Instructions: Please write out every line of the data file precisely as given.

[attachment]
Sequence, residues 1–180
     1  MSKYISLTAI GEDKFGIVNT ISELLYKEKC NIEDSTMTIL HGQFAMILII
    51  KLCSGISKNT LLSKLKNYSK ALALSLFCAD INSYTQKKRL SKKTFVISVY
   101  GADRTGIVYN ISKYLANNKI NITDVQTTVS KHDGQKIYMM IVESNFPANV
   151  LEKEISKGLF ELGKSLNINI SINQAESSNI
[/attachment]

Sequence, residues 1–180
     1  MSKYISLTAI GEDKFGIVNT ISELLYKEKC NIEDSTMTIL HGQFAMILII
    51  KLCSGISKNT LLSKLKNYSK ALALSLFCAD INSYTQKKRL SKKTFVISVY
   101  GADRTGIVYN ISKYLANNKI NITDVQTTVS KHDGQKIYMM IVESNFPANV
   151  LEKEISKGLF ELGKSLNINI SINQAESSNI